An MLA and a Down’s syndrome campaigner have told The Christian Institute why they are fighting to change the laws on abortion for disabilities.
Paul Givan MLA made the news this week, after he brought forward a Private Member’s Bill to remove the section of the law in Northern Ireland which currently allows unborn children with a non-fatal disability to be aborted up to birth.
Heidi Crowter, a young woman with Down’s syndrome, is supportive of the new Bill, having previously urged the NI Assembly to reject the new abortion regime imposed by Westminster, which allows the abortion of unborn babies with Down’s.
‘Dignity of human life’
Speaking to Ciarán Kelly, the Institute’s Deputy Director for Communications, Mr Givan said he wants Northern Ireland to have legislation that “respects the dignity of all human life”. The MLA says he has been touched by people’s personal experiences of the law.
“Whenever they say to me that this law makes them feel less valued, less worthy than other people, then I think it’s incumbent on people in political office to respond to that and to seek to remove that type of legislation.
“I’ve spoken to families here in Northern Ireland and they’re part of this campaign and they’ve spoken about how their son or daughter has Down’s syndrome and how they find this legislation offensive”.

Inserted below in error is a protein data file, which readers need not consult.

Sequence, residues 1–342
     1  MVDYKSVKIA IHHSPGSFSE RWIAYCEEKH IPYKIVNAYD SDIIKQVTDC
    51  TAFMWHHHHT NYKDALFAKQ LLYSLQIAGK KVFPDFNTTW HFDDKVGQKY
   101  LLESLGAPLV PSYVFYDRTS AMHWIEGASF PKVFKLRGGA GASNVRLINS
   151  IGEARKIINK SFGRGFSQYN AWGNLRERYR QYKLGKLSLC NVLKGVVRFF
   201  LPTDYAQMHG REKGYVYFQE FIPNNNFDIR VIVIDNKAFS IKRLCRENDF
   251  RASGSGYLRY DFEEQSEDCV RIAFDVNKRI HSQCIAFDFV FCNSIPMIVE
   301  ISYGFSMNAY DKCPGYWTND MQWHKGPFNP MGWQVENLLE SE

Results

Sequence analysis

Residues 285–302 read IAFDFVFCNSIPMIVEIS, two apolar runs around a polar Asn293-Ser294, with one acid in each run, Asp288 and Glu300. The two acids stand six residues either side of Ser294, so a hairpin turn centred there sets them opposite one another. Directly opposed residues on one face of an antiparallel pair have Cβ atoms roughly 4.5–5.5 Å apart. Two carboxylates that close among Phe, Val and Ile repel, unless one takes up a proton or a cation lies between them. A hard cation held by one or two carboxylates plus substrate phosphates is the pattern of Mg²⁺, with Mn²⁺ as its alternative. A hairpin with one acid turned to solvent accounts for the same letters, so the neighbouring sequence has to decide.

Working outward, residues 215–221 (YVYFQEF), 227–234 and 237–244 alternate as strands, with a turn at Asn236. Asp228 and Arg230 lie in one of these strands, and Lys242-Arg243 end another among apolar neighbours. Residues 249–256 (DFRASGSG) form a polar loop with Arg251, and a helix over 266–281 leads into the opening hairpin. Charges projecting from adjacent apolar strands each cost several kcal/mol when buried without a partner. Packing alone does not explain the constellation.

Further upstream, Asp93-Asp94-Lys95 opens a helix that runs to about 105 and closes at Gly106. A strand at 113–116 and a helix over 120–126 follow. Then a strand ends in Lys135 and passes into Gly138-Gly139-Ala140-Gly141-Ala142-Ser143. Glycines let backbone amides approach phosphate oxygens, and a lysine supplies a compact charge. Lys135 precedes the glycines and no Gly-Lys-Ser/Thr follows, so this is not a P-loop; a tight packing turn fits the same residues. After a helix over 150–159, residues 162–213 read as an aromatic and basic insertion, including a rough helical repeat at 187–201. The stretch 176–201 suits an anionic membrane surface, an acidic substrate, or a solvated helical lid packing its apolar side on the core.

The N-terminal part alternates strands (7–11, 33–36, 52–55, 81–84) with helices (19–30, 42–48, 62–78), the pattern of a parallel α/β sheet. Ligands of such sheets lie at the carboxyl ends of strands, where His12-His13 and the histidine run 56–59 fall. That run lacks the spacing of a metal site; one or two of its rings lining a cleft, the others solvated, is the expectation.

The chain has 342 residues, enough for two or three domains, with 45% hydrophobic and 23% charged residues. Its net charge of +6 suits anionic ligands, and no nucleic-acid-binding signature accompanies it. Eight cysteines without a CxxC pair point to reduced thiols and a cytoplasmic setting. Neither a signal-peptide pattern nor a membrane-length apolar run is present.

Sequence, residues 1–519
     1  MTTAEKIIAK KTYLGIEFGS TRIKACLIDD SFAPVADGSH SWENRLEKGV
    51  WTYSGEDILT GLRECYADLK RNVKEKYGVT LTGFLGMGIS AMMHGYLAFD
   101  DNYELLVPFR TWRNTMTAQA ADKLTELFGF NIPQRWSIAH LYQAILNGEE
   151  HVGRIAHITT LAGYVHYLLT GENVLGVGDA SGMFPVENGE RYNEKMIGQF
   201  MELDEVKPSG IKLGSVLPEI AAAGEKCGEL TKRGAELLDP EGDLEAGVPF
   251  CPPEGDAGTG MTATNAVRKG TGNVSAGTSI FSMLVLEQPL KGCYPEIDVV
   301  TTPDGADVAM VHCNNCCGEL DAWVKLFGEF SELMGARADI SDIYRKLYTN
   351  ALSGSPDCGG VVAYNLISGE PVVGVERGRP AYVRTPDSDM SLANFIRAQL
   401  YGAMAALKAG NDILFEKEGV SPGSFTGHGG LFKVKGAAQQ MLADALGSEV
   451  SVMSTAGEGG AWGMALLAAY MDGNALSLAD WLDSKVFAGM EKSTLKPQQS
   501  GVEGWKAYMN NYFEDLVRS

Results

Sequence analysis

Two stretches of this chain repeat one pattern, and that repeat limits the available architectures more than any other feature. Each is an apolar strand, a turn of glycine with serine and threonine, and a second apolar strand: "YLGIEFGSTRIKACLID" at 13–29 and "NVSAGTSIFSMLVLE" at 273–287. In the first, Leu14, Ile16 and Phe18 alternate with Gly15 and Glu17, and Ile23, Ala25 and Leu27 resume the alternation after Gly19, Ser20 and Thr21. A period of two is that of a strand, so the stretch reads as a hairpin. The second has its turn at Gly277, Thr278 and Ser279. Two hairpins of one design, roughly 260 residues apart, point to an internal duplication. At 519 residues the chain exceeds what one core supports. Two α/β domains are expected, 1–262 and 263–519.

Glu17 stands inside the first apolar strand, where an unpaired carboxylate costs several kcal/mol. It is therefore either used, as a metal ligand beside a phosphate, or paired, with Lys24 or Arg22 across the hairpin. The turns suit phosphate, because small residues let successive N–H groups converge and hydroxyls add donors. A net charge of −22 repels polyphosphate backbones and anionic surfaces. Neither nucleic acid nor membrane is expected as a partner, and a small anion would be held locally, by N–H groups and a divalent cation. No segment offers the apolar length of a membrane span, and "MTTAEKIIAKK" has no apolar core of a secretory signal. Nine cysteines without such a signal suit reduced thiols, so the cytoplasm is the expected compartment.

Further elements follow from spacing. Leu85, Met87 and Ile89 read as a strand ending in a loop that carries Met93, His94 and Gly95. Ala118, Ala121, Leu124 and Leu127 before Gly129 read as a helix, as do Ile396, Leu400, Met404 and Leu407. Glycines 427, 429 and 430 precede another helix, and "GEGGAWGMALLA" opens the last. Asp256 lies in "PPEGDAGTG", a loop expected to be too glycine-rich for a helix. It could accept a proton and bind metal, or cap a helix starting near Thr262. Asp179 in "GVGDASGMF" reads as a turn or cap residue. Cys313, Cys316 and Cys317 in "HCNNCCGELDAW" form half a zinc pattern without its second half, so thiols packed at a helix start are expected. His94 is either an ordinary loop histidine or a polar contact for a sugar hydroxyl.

He said they were joining the campaign “because they want to fight for a society that doesn’t regard people with Down’s syndrome as a diagnosis or a problem, and that actually it is something that is unique which is to be cherished and that enriches our community”.
Disability campaigner Heidi, whose husband James also has the condition, got involved in campaigning for change in Northern Ireland because she believes the law is discriminatory.
The law currently classes her condition as a ‘severe impairment’, but she said it is “definitely not”. She said: “I’m someone who has Down’s syndrome and if I was really impaired I wouldn’t be able to marry James. I can cook, I can clean. And I wouldn’t be able to get the top mark in GCSE French.”
Heidi said she personally feels discriminated against by the law, adding: “I don’t tolerate any discrimination because I believe that everyone has a right to life, and I want people to just accept me as I am.”
She continued: “I had an interview with Sky News ages ago and they said my husband is Down’s. I said well he has Down’s, and it’s only an extra chromosome.”
Speaking on BBC Radio 4’s Today programme, Heidi’s mother Liz described her daughter as “somebody who is living a fulfilled and independent and absolutely amazing life”.
She said: “To think that she could be aborted right up to birth in 2021, when we’re all about anti-discrimination after birth, it’s obviously very sad and upsetting for her that somebody thinks that she could be aborted right up to that time.”
Liz added that she hoped the Bill would have cross-community support, pointing out that when the Northern Ireland Assembly voted on a non-binding motion rejecting the current law last year, “75 out of 90” voted to reject it.
Watch the full interview with Paul Givan and Heidi Crowter:
Listen as Liz Crowter speaks to BBC Radio 4: